Gentle Writing Advice:
How to Be a Writer Without Destroying Yourself
by Chuck Wendig
pub date: 06-June-2023 Penguin Random House, Writer’s Digest Books
Finally–a book of writing advice that accounts for all of the messy, perverse, practical, and inexplicable parts of being a human who writes
The truth is that all of the “writing rules” you’ve learned are bullshit. Sure, they work for some people, but the likelihood that they’ll work for you–unique butterfly of a person that you are–is slim.
That doesn’t mean you’re out of luck! There is meaningful advice to be had in the writing world, and Chuck Wendig is here to deliver it. In this hilarious guide, Wendig will help you discover more about yourself as a writer, parse through your quirks and foibles, and help you figure out the best way for you to get words on the page–without destroying yourself along the way.
With behind-the-scenes stories of Wendig’s own writing struggles, sections on debunking popular advice, self-care tips, and more footnotes than are strictly necessary (or legally recommended by scientists), Gentle Writing Advice will give the unvarnished truth about the writing process and remind you of what’s actually important–taking care of the writer. (That’s you, by the way.)
I have Chuck Wendig’s earlier book on writing tips called 500 Ways to be a Better Writer; I would like to have Damn Fine Story as well since it seems to be an entirely differently type of book by Wendig on the craft of writing. Fortunately, I was able to get the NetGalley approval for his 2023 book on writing tips GENTLE WRITING ADVICE.
Gentle Writing Advice is more like the “good twin” to 500 Ways to be a Better Writer. Some of the advice is the same, but presently is a kinder, still Wendig-witty tone. For example, both books advise writers to meet up and talk about publishing, books they’re loving, even writers to avoid. This 2023 post-pandemic, post-Trump apocalypse, Insurrection, and climate disaster version of Chuck Wendig is one who has come out the other side of a lot of shit. All of us have. We’re still here. Frankly, if you aren’t a different person after the last seven years, I don’t know what to say.
Gentle Writing Advice tells you important information even if you’re not a writer, but some other type of person that has the urge to create. Things like:
- You’re not too old to start.
- You’re not alone.
- The internet can be good to connect with people and an evil hellscape because of connecting with people.
- You do not need to write every single day. People are different.
- Day jobs are fine, in fact, they are often necessary! You need to eat and pay bills!
- Most writers are not living the high life like Richard Castle of the show Castle.
What a lot of this book brings to the table is Wendig’s heart being ripped from his chest and handed to you like an Indiana Jones scene. Except in this case, it’s not for sacrifice, but rather a gesture to welcome his audience to the profoundly flawed world of writing. He shares many examples about the questions he’s been asked at speaking engagements. Some of the best ones are from kids. They get to the bottom of the problem. Rather than, “Where do you get ideas?” or “I have this great idea, will you write it for me and we can split the credit?” Kids have been poignant in the libraries and classrooms.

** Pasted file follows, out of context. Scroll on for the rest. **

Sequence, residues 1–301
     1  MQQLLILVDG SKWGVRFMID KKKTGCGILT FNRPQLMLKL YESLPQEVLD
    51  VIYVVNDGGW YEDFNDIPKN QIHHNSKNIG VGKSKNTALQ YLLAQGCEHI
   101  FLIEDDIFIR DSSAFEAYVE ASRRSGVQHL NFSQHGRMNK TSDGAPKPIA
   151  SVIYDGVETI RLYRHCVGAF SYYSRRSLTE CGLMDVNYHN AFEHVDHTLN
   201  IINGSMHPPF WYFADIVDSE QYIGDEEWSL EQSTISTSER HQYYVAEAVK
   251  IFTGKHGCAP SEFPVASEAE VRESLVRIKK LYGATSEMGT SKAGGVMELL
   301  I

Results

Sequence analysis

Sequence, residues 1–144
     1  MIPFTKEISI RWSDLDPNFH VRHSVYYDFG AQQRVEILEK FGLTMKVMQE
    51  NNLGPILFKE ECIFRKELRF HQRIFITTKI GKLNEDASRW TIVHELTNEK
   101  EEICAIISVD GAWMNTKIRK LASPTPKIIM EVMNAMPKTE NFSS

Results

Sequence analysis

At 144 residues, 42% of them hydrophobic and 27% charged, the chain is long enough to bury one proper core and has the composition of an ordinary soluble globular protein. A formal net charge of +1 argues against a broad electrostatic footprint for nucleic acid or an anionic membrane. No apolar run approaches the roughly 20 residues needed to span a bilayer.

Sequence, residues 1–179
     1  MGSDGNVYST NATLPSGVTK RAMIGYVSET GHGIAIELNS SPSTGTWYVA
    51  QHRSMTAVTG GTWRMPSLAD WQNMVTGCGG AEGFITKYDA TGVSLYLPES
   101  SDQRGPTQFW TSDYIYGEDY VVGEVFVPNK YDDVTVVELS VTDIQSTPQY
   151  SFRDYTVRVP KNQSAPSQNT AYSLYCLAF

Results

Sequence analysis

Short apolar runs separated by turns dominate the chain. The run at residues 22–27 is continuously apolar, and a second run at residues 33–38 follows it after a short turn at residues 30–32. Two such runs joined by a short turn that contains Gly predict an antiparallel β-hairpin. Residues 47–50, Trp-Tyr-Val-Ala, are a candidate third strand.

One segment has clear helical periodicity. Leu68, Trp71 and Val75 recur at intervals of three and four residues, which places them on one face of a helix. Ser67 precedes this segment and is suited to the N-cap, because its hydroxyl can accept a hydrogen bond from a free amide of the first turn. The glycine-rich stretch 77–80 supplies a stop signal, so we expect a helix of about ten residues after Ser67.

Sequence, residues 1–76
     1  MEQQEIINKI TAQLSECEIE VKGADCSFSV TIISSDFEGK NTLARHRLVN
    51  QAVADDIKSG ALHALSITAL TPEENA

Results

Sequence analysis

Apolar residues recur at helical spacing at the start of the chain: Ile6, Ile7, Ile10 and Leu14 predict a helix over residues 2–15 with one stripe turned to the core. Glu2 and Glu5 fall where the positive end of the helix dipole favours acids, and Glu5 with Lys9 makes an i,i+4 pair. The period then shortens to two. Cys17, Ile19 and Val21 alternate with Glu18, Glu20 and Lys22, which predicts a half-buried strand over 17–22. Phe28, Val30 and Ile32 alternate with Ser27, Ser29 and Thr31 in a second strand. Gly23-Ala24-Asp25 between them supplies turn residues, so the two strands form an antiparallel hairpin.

Something new at the Wendig table this time around—if you read his blog TerribleMinds or follow his socials you’ll know it’s valuable—self care is not a trend. Wendig explains what self care means to him and the actions he takes when difficult times hit. The Book of Accidents he tried writing twice before getting the story to pull together in his brain and for the time to be right to tackle it (it’s a complex story).
I greatly appreciated that he admitted Writer’s Block is real. It exists. Some famous authors don’t believe it does. I got into a spat on Twitter about it years ago. Here’s what’s incredible about Gentle Writing Advice’s section on Writer’s Block: Wendig talks about when it’s a creative impasse and presents the possibility that it might not be that at all; it might be a mental illness like depression, which saps the life out of you and sucks all the joy out of your work so you get stuck in a shame loop. I hate to say, it’s so brave of him to talk openly about this, but my gods! It’s been a stigma for so long. The idea that you must not want it badly enough is an excuse made by people claiming they have writer’s block—that is DONE. Don’t listen to people who say that!
Wendig gives plenty of pages to his experience with staring at the blank page. It’s not just a one time occurrence. That kind of problem comes back again and again. He confesses that while he did spend a year editing two books, that particular time frame didn’t birth any new work from him. After his father died, he wrote. Yet, after his mother died, he didn’t. He couldn’t write. Not books anyway. He could tweet about heirloom apples and how terrible people were to each other during the pandemic. Either way, it’s okay. Sometimes, writing will help get you through the madness, but maybe not every time. Breaks are fine. Quitting is fine because you can always un-quit.
Chuck Wendig has been the kind of writer who shares parts of his life with the world. While still valuing privacy, that desire to share knowledge and be in a community is a balancing act. Gentle Writing Advice is presented in easily digestible sections. Get your highlighters ready.
Rating: 5 stars